Iowa Democrats nominated two women on Tuesday to challenge Republican congressmen in districts the national party is targeting for possible pickups, including a 28-year-old state legislator who could become the youngest woman ever elected to the U.S. House.
State Rep. Abby Finkenauer would earn that distinction if she’s able to unseat Rep. Rod Blum in November in northeast Iowa’s 1st Congressional District. West Des Moines businesswoman Cindy Axne also will appear on the general election ballot after her primary victory in the 3rd District in the southwestern part of the state, moving on to take on two-term Republican David Young.
The primary also featured a victory by Des Moines businesswoman Diedre DeJear in the Democratic primary for secretary of state, making her the first African American to win a major party nomination for statewide office.
Democrats also nominated Sioux City paralegal J.D. Scholten, a former minor league baseball player, to run in northwest Iowa’s 4th District against longtime GOP Rep. Steve King.
Meanwhile, wealthy Des Moines businessman Fred Hubbell easily won the five-way Iowa Democratic primary race to run against Republican Gov. Kim Reynolds, who advanced to the fall campaign uncontested in her primary.
These were some of the key primary races:
1ST CONGRESSIONAL DISTRICT
Finkenauer won her race against three other candidates to advance to the general election. Other Democrats were Cedar Falls business executive Thomas Heckroth, Army veteran George Ramsey of Cedar Rapids, and Air Force Reserves veteran Courtney Rowe of Cedar Rapids.
Blum was running unopposed in the northeastern Iowa district. He’s considered vulnerable in November in a district where active Democrats outnumber Republicans by more than 16,000 voters.
3RD CONGRESSIONAL DISTRICT
Axne won a three-way primary in the southwest corner of the state and could present a strong challenge to Young. Axne defeated insurance company owner Eddie Mauro, and Des Moines political operative Pete D’Alessandro to take on Young in the 16-county district, which includes Council Bluffs and Des Moines, leans Republican in voter registration.
4TH CONGRESSIONAL DISTRICT
King easily won his primary as he seeks his ninth term representing the sprawling district that stretches over 39 counties in northwestern and northern Iowa.
Human resources professional Cyndi Hanson of Sioux City opposed King but lagged far behind him in the vote.
Sioux City paralegal J.D. Scholten won three-person Democratic primary to face King in the general election, defeating Spencer City Councilwoman Leann Jacobsen and Ames pediatrician John Paschen.
Hubbell succeeded in his first political effort, defeating four Democratic opponents for a chance to face Reynolds
He easily cleared the 35 percent threshold needed to avoid a Democratic state convention. He defeated nurse and union local president Cathy Glasson of Coralville; physician and former party chairwoman Andy McGuire of Des Moines; aide to former Gov. Tom Vilsack and former Democratic Party state chairman John Norris of Des Moines; and former Iowa City Mayor Ross Wilburn.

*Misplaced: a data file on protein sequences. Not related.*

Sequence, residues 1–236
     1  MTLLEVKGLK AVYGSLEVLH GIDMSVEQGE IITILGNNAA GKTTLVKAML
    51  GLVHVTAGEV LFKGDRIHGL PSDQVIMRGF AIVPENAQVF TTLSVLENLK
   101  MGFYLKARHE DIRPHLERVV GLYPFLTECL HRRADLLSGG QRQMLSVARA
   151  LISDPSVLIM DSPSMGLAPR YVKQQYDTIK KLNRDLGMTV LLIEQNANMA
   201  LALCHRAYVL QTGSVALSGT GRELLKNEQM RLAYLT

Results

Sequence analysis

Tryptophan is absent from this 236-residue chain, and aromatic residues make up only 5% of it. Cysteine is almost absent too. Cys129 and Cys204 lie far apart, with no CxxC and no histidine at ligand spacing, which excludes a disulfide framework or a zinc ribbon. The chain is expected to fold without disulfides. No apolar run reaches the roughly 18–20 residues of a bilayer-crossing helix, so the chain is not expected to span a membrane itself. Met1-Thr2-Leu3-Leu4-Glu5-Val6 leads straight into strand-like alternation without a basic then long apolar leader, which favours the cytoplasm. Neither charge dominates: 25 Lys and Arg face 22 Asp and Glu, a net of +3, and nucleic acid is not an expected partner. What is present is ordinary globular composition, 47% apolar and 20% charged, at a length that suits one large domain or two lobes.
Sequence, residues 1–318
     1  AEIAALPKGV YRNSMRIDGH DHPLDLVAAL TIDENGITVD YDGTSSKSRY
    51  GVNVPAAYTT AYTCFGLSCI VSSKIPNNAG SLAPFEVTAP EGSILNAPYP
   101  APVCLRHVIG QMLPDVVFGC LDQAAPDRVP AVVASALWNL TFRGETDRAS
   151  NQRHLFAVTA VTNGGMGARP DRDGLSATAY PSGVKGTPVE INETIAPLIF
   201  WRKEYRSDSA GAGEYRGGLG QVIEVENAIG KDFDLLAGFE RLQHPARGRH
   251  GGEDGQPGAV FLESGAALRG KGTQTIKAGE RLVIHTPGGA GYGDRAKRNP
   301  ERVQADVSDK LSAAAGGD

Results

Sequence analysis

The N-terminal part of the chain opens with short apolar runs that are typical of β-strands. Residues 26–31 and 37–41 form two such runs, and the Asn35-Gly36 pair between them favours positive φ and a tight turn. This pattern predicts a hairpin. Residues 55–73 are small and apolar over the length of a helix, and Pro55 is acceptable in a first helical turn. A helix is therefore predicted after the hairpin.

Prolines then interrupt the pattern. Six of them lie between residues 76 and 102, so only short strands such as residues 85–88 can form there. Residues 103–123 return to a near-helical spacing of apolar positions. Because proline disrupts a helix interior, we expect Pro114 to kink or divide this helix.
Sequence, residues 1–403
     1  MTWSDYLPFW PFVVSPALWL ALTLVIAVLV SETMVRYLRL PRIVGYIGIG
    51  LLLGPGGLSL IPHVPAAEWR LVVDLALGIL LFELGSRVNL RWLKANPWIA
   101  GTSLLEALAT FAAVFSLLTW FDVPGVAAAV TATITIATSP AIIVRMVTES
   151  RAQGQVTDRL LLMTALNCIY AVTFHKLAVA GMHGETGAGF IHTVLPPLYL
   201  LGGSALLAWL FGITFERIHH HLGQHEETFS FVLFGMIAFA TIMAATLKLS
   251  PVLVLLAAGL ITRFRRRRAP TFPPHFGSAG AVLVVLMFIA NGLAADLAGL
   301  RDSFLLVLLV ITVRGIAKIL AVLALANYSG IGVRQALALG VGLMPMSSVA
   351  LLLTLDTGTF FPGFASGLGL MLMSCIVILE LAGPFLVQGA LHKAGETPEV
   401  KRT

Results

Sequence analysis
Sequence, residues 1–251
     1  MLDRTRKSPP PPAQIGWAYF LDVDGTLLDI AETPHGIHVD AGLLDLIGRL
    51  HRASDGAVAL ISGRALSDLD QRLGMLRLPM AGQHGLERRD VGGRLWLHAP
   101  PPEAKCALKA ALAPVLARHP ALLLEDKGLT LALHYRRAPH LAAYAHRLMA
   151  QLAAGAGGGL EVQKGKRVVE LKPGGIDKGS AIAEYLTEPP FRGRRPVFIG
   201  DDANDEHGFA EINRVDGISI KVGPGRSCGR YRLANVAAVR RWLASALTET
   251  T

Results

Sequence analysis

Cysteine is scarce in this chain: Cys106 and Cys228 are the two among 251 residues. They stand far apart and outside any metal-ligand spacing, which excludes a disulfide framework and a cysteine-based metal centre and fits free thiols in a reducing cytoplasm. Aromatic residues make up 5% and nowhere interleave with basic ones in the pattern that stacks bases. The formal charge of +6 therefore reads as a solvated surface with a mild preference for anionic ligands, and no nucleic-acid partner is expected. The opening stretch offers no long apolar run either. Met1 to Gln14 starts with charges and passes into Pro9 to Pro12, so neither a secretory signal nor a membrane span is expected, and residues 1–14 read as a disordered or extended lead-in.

Reynolds immediately criticized Hubbell, who comes from a wealthy Des Moines family, for providing millions of dollars to his own campaign. She’s a two-term lieutenant governor, who took the top job when Gov. Terry Branstad became ambassador to China.
A general election win by Reynolds would be the first time Iowa elected a woman as governor.
SECRETARY OF STATE
DeJear defeated former Iowa National Guard intelligence analyst and two-time congressional candidate Jim Mowrer to earn a place on the November ballot opposite GOP Secretary of State Paul Pate.
Pate lists one of his top accomplishments as passage of a voter identification law, and that law has been the focus of much of the campaigning by Mowrer and DeJear. Both argue the law that now is being implemented will discourage voting, especially by low-income and minority citizens.
DeJear worked as Iowa African-American vote director for Barack Obama’s 2012 presidential campaign.
SECRETARY OF AGRICULTURE
Incumbent Secretary of Agriculture Mike Naig was leading against four other Republicans but the race was still too close to call early Wednesday.
Naig’s vote total remained just under 35 percent, which means the race may go to a party convention. In an Iowa primary, candidates must pass a 35 percent threshold of votes or a convention is called and a nominee is selected by party leaders.
Naig hopes to keep the office he won by appointment on March 1 after Bill Northey accepted a U.S. Department of Agriculture job. Naig, who grew up on a northwestern Iowa family farm, had served as deputy secretary since 2013.
He led soybean association trade representative Ray Gaesser, hog farmer and Iowa State University extension watershed specialist Chad Ingels, dairy farmer Craig Lang, and farmer and state Sen. Dan Zumbach.
Tim Gannon, a farmer who worked for Tom Vilsack when he was governor and U.S. secretary of agriculture, is the sole Democratic candidate.